All quiet on the Senate retirement front

at 01:33 PM ET, 08/19/2011

In the first five months of the year, it seemed like a Senator decided to call it quits once a week.

All tolled, eight Senators — six who caucus with Democrats and two Republicans — said “sayonara” by mid-May. (Wisconsin Rep. Herb Kohl was the last to bow out on May 13.)

Since then? Silence.

That’s good news for Senate Democrats who are trying to protect their three-seat majority in 2012 even while facing the difficult math of having to defend 23 of their own seats as compared to just 10 Republican-held seats.

A few months ago, it felt like the dam was about to burst on Senate Democrats — with an exodus of members in swing states that would make holding the majority virtually impossible.

Those leaks have since been contained and no new ones have sprung up — bad metaphor alert! — leaving Democrats with a tough but not impossible path to retaining the majority next November.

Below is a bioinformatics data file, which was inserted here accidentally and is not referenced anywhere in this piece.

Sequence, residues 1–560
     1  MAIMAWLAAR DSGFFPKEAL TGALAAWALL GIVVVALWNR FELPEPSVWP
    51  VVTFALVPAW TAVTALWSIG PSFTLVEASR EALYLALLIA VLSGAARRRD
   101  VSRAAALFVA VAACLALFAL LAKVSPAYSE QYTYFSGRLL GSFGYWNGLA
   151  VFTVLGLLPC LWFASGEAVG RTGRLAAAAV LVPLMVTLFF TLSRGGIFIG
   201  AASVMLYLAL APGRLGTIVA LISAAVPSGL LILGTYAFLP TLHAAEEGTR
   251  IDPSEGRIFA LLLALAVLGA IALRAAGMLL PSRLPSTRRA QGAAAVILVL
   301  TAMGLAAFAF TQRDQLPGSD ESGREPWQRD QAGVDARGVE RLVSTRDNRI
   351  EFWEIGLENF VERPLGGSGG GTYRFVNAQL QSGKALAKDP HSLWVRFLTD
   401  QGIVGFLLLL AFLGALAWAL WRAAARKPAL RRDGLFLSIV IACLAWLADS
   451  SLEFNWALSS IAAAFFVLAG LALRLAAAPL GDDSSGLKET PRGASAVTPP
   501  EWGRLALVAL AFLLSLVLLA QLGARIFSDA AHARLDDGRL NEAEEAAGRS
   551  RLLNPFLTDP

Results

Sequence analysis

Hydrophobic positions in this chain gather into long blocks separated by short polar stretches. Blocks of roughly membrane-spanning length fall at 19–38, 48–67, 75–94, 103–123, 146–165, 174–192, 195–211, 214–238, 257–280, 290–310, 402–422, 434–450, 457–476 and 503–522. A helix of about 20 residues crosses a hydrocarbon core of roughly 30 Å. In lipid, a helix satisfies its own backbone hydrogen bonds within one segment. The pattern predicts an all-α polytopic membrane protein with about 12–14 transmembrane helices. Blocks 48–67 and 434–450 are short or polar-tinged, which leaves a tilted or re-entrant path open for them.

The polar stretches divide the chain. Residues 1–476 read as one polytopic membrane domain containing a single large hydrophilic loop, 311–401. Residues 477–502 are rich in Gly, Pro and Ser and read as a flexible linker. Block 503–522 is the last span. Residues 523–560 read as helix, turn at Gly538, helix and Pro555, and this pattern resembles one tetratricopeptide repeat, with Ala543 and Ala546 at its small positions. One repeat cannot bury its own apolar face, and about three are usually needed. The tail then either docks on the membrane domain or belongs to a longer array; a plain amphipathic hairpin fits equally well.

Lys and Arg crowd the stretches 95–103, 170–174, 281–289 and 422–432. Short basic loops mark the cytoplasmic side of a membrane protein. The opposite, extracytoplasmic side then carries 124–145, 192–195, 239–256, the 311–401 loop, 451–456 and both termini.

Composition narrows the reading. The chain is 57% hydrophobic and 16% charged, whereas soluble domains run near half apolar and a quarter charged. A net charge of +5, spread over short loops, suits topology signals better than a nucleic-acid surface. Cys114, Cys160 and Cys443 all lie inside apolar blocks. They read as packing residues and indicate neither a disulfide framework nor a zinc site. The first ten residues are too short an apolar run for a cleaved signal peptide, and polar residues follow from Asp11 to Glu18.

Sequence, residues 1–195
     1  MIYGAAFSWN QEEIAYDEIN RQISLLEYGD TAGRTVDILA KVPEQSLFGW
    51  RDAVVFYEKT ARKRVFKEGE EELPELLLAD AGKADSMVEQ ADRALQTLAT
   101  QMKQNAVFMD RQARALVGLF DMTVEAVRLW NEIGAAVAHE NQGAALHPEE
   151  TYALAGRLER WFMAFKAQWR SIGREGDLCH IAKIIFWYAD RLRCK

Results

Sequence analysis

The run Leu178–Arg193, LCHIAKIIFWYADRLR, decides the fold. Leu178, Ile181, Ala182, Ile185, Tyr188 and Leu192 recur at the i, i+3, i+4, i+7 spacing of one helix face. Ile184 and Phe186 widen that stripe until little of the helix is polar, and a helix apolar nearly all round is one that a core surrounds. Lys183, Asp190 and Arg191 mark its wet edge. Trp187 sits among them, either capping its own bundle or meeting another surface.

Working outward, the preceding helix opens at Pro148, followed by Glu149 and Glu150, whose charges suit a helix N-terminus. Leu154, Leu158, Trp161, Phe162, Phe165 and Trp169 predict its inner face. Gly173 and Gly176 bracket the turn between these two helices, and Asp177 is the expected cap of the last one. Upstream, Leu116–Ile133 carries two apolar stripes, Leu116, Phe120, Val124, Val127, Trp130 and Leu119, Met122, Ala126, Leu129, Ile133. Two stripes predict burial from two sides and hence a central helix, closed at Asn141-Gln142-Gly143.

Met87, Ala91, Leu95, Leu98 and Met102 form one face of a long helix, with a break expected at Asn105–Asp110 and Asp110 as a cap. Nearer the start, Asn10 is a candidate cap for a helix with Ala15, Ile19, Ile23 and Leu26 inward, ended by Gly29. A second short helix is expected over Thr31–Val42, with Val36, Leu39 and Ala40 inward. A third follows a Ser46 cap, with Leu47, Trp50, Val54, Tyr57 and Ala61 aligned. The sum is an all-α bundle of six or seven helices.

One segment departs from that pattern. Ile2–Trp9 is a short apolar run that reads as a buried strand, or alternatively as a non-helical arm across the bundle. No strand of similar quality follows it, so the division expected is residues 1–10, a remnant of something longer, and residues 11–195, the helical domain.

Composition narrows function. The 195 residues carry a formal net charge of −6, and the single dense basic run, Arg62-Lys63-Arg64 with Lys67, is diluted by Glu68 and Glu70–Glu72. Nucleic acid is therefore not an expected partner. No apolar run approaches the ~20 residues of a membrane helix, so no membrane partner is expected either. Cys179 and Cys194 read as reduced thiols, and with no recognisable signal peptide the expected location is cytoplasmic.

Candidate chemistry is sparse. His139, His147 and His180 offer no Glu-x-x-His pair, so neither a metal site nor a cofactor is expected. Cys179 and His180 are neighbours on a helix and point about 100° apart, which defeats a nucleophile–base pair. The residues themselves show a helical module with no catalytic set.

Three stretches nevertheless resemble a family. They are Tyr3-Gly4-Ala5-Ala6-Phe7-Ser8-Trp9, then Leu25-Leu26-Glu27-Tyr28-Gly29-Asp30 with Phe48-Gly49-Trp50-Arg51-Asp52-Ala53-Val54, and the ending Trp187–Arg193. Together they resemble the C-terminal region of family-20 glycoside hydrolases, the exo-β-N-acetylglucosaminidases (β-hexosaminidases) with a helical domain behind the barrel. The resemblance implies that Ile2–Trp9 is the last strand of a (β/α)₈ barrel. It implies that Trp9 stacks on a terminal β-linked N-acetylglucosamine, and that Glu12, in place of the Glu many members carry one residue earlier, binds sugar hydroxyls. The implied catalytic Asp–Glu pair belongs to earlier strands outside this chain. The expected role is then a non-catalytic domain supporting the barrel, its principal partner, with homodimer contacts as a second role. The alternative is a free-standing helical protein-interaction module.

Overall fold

There’s little doubt when looking at the national map that Democrats have far more vulnerabilities than Republicans heading into 2012. (That’s what happens when you have an election like 2006 when, literally, every close race goes your way.)

Of the 10 races that make this month’s Senate Line, eight of them currently held by Democrats — and half of that number are open seats without an incumbent.

But, Democrats’ prospects in Nevada have brightened of late with a primary challenge to Rep. Shelley Berkley (D) dissolving. In Massachusetts the party seems ready to rally behind former Obama Administration official Elizabeth Warren . (Whether that’s a smart strategy is a point of contention even within the Democratic party.)

And races in potentially costly places like Pennsylvania and Minnesota — both states held by freshmen Democratic Senators — don’t appear to be materializing, meaning that the DSCC will be able to spread more of its resources to their endangered open seats rather than dropping millions in the costly Philadelphia media market, for instance.